The Publication Ethics and Publication Malpractice Statement of the journal "Russian Law Journal" are based on the Committee on Publication Ethics (COPE) Code of Conduct guidelines available at www.publicationethics.org, and requirements for peer-reviewed journals, elaborated by the "Elsevier" Publishing House (in accordance with international ethical rules of scientific publications)
1.1. The publication in a peer reviewed learned journal, serves many purposes outside of simple communication. It is a building block in the development of a coherent and respected network of knowledge. For all these reasons and more it is important to lay down standards of expected ethical behaviour by all parties involved in the act of publishing: the author, the journal editor, the peer reviewer, the publisher and the society for society-owned or sponsored journal: "Russian Law Journal"
1.2.Publisher has a supporting, investing and nurturing role in the scholarly communication process but is also ultimately responsible for ensuring that best practice is followed in its publications.
1.3. Publisher takes its duties of guardianship over the scholarly record extremely seriously. Our journal programmes record «the minutes of science» and we recognise our responsibilities as the keeper of those «minutes» in all our policies not least the ethical guidelines that we have here adopted.
2. Duties of Editors
2.1.Publication decision – The Editor of a learned "Russian Law Journal" is solely and independently responsible for deciding which of the articles submitted to the journal should be published, often working on conjunction with the relevant society (for society-owned or sponsored journals). The validation of the work in question and its importance to researchers and readers must always underwrite such decisions. The Editor may be guided by the policies of the "Russian Law Journal" journal’s editorial board and constrained by such legal requirements as shall then be in force regarding libel, copyright infringement and plagiarism. The editor may confer with other editors or reviewers (or society officers) in making this decision.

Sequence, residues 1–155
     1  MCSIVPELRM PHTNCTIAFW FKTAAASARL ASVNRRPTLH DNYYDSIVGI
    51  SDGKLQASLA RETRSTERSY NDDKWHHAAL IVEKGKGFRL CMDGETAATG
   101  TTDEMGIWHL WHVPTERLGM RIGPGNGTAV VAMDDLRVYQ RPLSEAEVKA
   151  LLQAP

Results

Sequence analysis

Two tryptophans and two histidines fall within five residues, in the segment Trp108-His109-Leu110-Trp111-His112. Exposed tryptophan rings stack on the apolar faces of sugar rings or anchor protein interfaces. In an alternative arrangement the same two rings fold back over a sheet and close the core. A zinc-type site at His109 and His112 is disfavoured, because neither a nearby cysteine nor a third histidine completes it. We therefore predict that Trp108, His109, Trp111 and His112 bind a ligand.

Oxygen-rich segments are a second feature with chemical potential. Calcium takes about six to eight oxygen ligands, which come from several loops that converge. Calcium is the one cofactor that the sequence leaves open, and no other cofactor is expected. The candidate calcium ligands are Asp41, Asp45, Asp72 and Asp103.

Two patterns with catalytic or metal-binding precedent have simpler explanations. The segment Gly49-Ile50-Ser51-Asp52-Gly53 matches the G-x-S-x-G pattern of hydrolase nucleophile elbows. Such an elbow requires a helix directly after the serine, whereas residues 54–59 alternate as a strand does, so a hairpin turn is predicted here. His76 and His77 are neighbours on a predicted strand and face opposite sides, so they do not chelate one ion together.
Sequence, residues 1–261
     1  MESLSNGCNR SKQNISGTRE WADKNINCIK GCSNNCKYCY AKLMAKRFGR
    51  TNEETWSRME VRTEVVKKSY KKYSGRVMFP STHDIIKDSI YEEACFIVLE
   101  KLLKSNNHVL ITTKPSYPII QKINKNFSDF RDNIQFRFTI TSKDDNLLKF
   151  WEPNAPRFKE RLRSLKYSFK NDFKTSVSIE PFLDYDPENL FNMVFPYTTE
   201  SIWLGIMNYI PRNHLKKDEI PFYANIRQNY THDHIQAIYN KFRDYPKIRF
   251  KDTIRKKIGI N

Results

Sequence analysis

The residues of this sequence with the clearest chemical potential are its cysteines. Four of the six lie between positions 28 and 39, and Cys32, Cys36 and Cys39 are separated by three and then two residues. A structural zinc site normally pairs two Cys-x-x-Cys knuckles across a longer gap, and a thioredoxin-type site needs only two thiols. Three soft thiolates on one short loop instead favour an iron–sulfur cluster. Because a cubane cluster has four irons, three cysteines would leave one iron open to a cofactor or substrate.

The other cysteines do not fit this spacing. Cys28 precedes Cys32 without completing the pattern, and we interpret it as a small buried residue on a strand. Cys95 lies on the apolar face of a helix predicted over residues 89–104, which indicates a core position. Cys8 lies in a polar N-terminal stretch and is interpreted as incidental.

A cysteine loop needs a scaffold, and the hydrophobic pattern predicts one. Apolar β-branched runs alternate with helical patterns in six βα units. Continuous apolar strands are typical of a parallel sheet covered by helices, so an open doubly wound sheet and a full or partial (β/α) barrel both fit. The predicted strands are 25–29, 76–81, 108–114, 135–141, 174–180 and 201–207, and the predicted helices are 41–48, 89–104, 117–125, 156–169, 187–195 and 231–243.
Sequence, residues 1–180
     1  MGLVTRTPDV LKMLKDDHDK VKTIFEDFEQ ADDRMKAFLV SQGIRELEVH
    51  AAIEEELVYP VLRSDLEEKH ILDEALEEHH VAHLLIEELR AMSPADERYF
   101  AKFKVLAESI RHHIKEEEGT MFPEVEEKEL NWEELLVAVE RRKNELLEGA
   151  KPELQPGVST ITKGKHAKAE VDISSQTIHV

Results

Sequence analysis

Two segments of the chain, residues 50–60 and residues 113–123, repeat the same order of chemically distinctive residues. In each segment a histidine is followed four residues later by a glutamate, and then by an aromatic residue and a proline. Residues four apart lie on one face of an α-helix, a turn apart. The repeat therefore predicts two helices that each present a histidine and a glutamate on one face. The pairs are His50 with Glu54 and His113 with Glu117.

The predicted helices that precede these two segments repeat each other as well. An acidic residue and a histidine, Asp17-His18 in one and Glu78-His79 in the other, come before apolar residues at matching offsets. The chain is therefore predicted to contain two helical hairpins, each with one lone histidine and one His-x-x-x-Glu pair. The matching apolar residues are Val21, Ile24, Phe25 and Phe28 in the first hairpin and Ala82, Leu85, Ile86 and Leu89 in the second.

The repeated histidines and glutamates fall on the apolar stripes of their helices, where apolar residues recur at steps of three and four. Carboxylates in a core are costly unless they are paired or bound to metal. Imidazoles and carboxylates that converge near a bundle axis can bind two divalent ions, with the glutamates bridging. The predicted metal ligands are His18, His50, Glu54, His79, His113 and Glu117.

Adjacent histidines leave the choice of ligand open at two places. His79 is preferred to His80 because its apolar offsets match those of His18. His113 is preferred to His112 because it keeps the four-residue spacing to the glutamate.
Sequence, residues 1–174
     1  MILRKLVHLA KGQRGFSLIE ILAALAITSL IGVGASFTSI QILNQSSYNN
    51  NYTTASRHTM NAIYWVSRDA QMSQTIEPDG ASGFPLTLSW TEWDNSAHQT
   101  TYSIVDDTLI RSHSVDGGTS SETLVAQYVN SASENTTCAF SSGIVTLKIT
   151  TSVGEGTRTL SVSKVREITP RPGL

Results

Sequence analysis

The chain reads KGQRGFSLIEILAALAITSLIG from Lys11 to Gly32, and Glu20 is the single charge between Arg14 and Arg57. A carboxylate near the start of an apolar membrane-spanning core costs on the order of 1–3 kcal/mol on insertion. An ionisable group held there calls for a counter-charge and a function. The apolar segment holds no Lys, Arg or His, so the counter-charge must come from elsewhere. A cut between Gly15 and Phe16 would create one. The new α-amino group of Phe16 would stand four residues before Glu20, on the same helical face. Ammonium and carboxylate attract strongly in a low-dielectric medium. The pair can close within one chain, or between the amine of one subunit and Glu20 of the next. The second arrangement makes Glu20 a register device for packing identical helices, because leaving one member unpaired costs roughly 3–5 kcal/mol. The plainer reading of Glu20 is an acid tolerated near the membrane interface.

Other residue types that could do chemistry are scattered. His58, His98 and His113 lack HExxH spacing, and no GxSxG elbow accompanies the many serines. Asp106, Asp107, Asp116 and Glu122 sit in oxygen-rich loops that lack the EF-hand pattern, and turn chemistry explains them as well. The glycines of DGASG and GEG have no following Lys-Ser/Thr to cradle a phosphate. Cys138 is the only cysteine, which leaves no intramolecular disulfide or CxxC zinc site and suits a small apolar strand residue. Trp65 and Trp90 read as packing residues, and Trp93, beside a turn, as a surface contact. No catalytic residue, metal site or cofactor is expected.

2.2.Fair play – An editor should evaluate manuscripts for their intellectual content without regard to race, gender, sexual orientation, religious belief, ethnic origin, citizenship, or political philosophy of the authors.
2.3.Confidentiality – The editor and any editorial staff of "Russian Law Journal" must not disclose any information about a submitted manuscript to anyone other than the corresponding author, reviewers, potential reviewers, other editorial advisers, and the publisher, as appropriate.
2.4.Disclosure and Conflicts of interest
2.4.1. Unpublished materials disclosed in a submitted manuscript must not be used in an editor’s own research without the express written consent of the author. Privileged information or ideas obtained through peer review must be kept confidential and not used for personal advantage.